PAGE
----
Victory in Papua

Victory in Papua

Victory in Papua

Victory in Papua

Excerpt

The strategic significance of the Papuan Campaign can be briefly stated. In addition to blunting the Japanese thrust toward Australia and the transpacific line of communications, it put General MacArthur's forces in a favorable position to take the offensive. But this little known campaign is significant for still another reason. It was the battle test of a large hitherto-inexperienced U. S. Army force and its commanders under the conditions which were to attend much of the ground fighting in the Pacific. Costly in casualties and suffering, it taught lessons that the Army had to learn if it was to cope with the Japanese under conditions of tropical warfare.

Since the official records of this early campaign were quite poor, the task of portraying American ground action in it accurately required that a great deal of essential information be found elsewhere. This supplementary information was secured in large part from participants whose names are to be found in the Bibliographical Note at the end of the volume All of them have my thanks, and certain of them who went to great lengths to help me have my special thanks. The following (ranks as of February 1952 when the manuscript was completed) are in the latter category: Lt. Gen. Robert L. Eichelberger, Maj. Gen. Clovis E. Byers, Maj. Gen. Jens A. Doe, Maj. Gen. Edwin F. Harding, Maj. Gen. Clarence A. Martin, Maj. Gen. Albert W. Waldron, Col. Bernd G. Baetcke, Col. Charles R. Dawley, Col. John E. Grose, Col. Alexander J. MacNab, Col. Kelsie E. Miller, Col. Herbert A. Smith, Col. Clarence M. Tomlinson, Lt. Col. Peter L. Dal Ponte, Lt. Col. Herbert M. Smith, Lt. Col. Bert Zeeff, and Maj. Robert H. Odell. A true picture of conditions as they existed at the time could not have been given without their help.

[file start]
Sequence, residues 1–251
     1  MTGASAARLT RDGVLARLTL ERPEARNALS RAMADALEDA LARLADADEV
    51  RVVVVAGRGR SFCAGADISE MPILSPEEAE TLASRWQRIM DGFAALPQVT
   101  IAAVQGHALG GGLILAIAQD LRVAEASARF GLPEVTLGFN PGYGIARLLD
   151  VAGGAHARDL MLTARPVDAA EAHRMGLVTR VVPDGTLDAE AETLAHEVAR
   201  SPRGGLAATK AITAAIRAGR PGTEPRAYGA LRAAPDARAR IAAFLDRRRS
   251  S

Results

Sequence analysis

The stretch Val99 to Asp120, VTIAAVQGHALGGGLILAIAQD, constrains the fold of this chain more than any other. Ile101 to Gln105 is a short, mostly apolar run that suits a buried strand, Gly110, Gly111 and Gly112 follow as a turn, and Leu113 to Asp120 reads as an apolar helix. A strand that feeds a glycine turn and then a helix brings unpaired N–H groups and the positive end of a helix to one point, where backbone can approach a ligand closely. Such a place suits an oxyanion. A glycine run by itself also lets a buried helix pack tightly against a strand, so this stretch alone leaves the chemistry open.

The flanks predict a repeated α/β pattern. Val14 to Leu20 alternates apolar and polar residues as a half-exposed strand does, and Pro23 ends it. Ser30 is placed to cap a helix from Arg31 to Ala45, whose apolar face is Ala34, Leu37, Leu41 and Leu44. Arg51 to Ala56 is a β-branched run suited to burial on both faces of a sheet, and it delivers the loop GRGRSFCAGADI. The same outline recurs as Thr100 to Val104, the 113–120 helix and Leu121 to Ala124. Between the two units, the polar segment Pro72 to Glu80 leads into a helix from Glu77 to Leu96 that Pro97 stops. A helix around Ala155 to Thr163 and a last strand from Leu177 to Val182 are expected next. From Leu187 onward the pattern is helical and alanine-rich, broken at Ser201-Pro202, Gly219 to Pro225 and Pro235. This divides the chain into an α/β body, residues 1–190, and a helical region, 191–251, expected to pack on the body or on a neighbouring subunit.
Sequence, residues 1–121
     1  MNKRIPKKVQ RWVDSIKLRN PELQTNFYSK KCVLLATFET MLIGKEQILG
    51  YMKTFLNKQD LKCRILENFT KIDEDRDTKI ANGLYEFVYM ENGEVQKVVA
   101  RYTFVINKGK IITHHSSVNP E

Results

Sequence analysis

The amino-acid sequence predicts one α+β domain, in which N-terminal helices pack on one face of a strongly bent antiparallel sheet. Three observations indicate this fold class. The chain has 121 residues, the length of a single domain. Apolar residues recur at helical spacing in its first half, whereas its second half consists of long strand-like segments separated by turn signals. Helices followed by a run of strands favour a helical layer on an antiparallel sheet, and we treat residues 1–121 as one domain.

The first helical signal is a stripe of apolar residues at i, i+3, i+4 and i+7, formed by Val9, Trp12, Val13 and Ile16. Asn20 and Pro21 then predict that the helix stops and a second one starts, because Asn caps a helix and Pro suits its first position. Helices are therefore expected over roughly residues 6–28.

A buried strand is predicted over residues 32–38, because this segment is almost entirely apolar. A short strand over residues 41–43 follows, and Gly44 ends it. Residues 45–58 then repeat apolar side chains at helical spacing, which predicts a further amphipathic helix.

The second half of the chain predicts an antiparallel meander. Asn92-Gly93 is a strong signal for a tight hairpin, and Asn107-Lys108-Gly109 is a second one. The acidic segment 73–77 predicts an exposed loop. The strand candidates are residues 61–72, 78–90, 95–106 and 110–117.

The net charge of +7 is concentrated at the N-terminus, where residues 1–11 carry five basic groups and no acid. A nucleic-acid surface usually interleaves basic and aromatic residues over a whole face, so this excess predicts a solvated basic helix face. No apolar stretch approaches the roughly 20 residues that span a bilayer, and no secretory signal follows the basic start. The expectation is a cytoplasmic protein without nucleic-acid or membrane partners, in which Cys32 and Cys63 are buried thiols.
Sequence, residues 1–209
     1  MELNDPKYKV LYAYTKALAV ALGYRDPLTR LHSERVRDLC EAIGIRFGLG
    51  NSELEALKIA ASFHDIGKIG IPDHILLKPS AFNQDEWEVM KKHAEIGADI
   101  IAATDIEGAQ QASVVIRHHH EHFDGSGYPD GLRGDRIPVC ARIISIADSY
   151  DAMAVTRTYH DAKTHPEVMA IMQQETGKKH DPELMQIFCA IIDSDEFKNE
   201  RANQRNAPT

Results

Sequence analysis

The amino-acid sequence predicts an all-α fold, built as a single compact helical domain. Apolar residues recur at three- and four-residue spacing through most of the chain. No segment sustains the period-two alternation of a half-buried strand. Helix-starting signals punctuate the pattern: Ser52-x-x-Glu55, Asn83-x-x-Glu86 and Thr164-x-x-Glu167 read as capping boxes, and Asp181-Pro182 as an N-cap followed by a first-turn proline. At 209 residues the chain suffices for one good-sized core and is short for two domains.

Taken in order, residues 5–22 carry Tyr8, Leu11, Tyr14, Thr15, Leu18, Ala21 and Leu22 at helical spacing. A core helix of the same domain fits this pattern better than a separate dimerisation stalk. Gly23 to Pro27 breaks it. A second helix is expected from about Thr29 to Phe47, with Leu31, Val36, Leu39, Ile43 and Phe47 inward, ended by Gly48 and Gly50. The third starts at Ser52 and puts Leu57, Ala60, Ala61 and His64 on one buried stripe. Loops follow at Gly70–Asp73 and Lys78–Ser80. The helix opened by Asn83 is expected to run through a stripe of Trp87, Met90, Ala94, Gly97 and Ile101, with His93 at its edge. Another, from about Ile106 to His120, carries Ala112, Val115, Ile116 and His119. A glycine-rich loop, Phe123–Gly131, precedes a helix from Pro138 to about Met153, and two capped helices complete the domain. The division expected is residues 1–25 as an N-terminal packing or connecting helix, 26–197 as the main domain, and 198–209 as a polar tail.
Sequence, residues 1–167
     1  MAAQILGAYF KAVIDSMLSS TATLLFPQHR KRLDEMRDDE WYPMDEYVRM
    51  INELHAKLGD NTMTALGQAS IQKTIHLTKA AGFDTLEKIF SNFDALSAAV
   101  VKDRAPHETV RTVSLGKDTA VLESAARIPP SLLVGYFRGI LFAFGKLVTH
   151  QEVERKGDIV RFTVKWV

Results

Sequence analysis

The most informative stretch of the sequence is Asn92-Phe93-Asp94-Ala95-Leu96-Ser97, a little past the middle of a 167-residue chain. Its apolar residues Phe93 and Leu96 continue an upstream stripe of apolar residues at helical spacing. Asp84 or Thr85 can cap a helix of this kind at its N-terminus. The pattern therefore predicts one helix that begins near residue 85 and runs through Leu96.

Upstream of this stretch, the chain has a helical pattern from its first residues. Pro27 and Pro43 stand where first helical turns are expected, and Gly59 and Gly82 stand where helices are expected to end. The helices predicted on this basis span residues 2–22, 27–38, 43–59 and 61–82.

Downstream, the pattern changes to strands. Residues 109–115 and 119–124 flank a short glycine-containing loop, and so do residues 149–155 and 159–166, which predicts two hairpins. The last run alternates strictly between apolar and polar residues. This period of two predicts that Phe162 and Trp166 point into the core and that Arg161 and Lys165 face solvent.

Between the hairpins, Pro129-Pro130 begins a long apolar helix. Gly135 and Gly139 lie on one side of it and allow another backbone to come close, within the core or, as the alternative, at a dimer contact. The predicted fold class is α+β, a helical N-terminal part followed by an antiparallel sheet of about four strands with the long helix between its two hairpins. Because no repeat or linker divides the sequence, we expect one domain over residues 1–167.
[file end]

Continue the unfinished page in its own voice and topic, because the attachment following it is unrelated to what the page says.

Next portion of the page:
To tell the Australian side of the story adequately also required more information than was to be found in the available sources. That I never lacked for such information was due principally to Gavin Long, the Official Australian War Historian and to two members of his staff, John Balfour and Dudley McCarthy. McCarthy's draft chapters on Australian action on the Sanananda front were invaluable in helping me to round out the picture of the fighting that went on on that front. Lt. Col. Peter S. Teesdale-Smith, a participant in the campaign and a member of the Australian Military Mission in Washington during the time that this book was in preparation, helped me greatly in making Australian action come alive.

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